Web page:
But a little more than 100 years ago, Avidan became fascinated with a branch of alchemy that summons creatures of great power. His first attempt proved far too successful:  His attempts to summon a benign and helpful being brought to him Mabh, the Queen of the Fairies.

But Mabh was feeling neither benign nor helpful. Incensed–and a little frightened–by this summons, she lured Avidan into Faerie, the fey realm. For several terrible years, he paid for his effronterie.

In time, however, he caught the eye of a lady of the Faerie Court.  She became fascinated first with the man, then with his knowledge.  Only much later, years after his expulsion from the fey realm, did Avidan wonder what use the fairies might make of this information.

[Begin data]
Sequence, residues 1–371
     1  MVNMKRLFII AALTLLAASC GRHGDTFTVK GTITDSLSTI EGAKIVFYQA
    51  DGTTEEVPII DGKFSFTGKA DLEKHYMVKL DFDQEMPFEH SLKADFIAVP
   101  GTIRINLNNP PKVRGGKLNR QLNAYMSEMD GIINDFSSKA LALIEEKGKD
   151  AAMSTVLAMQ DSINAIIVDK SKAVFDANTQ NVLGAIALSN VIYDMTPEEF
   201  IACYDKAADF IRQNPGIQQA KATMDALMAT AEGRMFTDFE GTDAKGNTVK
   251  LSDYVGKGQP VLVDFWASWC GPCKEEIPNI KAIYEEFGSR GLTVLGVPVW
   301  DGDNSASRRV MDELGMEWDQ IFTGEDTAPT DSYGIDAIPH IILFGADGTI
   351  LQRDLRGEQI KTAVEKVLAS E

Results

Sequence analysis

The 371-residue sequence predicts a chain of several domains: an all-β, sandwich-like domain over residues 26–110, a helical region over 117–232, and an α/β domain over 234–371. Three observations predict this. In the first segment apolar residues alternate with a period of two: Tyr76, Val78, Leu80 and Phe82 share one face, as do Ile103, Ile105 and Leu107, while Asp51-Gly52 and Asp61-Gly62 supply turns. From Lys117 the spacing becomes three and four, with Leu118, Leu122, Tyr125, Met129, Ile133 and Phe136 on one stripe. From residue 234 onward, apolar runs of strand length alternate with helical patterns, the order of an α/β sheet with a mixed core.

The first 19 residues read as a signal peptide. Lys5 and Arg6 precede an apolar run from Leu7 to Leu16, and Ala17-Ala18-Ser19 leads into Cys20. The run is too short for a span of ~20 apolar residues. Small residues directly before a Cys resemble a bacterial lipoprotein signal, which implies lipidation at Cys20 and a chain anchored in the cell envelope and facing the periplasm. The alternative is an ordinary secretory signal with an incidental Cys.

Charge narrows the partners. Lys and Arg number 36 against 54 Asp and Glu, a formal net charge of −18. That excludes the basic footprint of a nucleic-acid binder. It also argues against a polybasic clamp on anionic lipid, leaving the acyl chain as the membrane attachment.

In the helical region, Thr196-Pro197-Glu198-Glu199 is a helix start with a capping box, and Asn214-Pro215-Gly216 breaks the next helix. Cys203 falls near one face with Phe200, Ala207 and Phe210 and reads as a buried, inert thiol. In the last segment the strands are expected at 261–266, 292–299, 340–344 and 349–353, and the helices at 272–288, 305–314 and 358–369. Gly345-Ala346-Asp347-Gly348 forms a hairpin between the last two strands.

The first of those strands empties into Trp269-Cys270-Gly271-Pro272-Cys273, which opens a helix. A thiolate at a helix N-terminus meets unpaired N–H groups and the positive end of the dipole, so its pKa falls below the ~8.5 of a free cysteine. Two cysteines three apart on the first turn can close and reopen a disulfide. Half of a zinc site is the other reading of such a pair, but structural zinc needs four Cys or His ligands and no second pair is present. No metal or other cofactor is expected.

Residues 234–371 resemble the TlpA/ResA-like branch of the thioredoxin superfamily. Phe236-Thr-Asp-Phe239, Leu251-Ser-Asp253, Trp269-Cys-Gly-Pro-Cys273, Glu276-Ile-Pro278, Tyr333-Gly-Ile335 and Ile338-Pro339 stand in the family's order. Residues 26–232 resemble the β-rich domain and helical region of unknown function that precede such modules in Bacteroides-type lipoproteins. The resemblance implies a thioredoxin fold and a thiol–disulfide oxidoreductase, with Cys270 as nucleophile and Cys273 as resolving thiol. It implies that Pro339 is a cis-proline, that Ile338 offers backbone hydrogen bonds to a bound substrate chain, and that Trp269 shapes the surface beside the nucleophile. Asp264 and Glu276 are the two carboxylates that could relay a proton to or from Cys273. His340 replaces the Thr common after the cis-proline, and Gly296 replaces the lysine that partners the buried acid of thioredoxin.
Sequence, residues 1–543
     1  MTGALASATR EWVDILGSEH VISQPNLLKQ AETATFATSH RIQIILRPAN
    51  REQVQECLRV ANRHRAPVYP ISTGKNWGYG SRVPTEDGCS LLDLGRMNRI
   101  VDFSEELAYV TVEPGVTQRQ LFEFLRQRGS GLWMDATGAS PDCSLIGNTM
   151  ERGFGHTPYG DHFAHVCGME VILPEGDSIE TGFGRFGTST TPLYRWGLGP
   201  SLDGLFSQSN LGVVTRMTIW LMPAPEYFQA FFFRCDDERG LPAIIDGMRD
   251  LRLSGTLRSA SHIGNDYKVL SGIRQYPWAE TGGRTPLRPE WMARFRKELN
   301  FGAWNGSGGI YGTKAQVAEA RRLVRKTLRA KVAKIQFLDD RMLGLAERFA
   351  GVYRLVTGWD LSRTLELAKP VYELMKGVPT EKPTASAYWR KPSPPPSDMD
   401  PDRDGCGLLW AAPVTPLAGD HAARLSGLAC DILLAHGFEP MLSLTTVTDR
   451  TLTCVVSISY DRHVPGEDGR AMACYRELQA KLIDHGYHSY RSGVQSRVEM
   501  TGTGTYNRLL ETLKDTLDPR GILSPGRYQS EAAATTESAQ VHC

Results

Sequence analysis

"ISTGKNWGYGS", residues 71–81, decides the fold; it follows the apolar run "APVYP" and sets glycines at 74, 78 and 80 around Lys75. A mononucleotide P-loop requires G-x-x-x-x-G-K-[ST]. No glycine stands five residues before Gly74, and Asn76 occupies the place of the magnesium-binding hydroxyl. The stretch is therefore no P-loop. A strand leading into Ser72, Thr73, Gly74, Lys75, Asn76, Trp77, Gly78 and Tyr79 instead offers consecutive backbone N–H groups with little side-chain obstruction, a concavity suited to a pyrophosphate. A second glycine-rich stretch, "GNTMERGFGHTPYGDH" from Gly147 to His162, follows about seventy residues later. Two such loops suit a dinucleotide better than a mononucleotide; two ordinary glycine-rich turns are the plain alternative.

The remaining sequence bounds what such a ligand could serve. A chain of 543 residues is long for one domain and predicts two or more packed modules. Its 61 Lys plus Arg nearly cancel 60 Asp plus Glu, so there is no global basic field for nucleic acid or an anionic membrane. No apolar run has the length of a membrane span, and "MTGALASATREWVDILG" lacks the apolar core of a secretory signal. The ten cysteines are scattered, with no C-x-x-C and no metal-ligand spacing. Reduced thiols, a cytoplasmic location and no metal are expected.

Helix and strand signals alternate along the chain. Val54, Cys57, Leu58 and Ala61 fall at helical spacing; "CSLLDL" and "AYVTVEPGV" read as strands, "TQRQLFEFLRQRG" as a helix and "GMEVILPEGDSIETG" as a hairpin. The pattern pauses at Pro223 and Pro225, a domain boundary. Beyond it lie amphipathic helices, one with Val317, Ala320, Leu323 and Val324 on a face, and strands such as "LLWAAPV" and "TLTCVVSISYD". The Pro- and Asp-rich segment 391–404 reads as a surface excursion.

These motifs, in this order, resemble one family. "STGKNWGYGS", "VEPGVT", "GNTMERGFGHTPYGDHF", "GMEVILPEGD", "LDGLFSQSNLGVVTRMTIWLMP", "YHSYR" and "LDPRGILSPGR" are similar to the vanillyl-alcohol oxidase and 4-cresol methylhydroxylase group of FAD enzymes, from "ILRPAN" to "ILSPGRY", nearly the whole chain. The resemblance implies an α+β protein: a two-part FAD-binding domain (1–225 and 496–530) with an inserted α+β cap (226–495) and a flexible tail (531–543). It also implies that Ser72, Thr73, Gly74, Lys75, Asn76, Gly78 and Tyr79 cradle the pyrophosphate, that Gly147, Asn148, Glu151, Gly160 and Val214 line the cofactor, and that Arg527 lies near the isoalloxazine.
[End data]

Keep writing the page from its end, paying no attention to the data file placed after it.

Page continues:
Few mortals survive their time in the fey realms. None come away unscathed.  An intense desire to return drives most men mad.  When the longing becomes too much to bear, Avidan finds himself standing before the Feyglass, hoping for a glimpse of Faerie in its ever-shifting landscape.


Seven powerful alchemists known as adepts rule the islands of Sevrin.  Rhendish rules the largest island, which is also known as Sevrin.  The island next in importance–or first in importance, depending upon whom you ask–is Stormwall Island, which is ruled by the adept Muldonny.

A plump, fussy, middle-aged man, Muldonny is reclusive to the point of paranoia.  He seldom leaves his double-walled fortress and permits no one to enter the inner sanctum but a few carefully selected visitors.   Not even servants and guards are permitted, only the clockword constructs he builds with his own hands.  Even then, Muldonny is not a trusting man, and he keeps alchemical weapons on hand in the remote possibility that a clockwork guard might malfunction.